This piece was developed during the second Bartimaeus Institute Online (BIO) Study Cohort 2016-2017. These pieces will eventually be published in a Women’s Breviary collection. For more information regarding the BIO Study Cohort go here.
By Katherine Parent
In the cave of a great sanctuary, a granite womb full of light and bones, I sat among songs of the annunciation next to a new friend. Listening next to me, she didn’t know that I was having a holy moment of uncertainty. Each apex was an almond reminder of sacred arches, gateways of birth and body: seen, sacred, secret and silenced. I was considering, fiercely and privately, a surgery that would open my thick sealed hymen, a birth defect known as “Virgin Mary.” Continue reading
By Chelsea Page
Childfree Not Carefree
Years before I created my new online class about the virgin Mary’s motherhood journey and the reproductive justice ethics led by women of color, I wrote to a friend:
My decision not to birth a child and, later, not to adopt a child, has been so lengthy, messy, and labor-intensive that I feel astonished that I have literally nothing to show for it. I hoped that at least I have cleared space for a different kind of family or community in my life. I await it with some of the eager impatience that I imagine my infertile sisters feel when they long for a child. Continue reading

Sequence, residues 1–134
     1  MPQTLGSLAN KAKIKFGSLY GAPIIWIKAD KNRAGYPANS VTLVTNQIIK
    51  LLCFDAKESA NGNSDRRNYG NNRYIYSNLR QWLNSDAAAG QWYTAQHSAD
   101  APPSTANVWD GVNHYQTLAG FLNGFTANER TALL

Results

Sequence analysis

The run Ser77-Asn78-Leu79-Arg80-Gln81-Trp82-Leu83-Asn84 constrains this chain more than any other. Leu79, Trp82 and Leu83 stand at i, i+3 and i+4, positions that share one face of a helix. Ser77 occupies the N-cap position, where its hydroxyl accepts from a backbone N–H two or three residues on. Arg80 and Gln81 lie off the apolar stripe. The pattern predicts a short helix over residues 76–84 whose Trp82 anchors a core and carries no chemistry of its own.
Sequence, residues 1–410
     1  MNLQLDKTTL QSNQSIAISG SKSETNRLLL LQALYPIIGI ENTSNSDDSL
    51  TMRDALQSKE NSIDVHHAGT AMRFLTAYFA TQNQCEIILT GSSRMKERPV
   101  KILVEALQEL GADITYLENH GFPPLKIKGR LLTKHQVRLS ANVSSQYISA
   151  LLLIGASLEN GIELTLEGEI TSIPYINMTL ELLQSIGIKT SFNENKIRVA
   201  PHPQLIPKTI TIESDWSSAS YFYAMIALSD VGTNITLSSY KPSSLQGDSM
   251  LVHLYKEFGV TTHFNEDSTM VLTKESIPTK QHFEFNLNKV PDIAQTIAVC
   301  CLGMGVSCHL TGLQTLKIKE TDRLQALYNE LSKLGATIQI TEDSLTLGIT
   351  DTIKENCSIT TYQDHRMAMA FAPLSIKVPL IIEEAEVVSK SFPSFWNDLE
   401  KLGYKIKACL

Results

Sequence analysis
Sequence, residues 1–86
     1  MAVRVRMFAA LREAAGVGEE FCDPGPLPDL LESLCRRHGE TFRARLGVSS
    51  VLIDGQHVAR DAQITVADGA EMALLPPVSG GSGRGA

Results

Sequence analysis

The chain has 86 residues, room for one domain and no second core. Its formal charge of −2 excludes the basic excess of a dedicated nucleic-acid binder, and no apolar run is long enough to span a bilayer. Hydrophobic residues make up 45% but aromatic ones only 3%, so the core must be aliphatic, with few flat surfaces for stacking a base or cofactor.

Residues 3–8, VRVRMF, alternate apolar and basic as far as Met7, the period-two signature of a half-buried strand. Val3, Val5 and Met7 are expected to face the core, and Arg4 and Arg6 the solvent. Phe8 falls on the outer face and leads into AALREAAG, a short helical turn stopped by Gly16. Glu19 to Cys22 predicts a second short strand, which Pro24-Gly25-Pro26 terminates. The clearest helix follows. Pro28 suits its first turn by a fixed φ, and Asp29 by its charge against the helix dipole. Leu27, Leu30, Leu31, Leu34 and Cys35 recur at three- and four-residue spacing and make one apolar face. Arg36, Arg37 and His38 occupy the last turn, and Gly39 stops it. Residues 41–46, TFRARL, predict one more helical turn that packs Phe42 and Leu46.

By Lydia Wylie-Kellermann
I wrote this poem two years ago when I was pregnant with Isaac. These days in the wake of events in Ferguson, I still hold onto these worries and hopes of what it means to raise a white man today.
Mary, did you worry your son would grow up
to idealize the military and violence around him?
What did you sing in his ear?
What toys did you give him?
That taught him to put away the sword
and to give his life before shedding the blood of another. Continue reading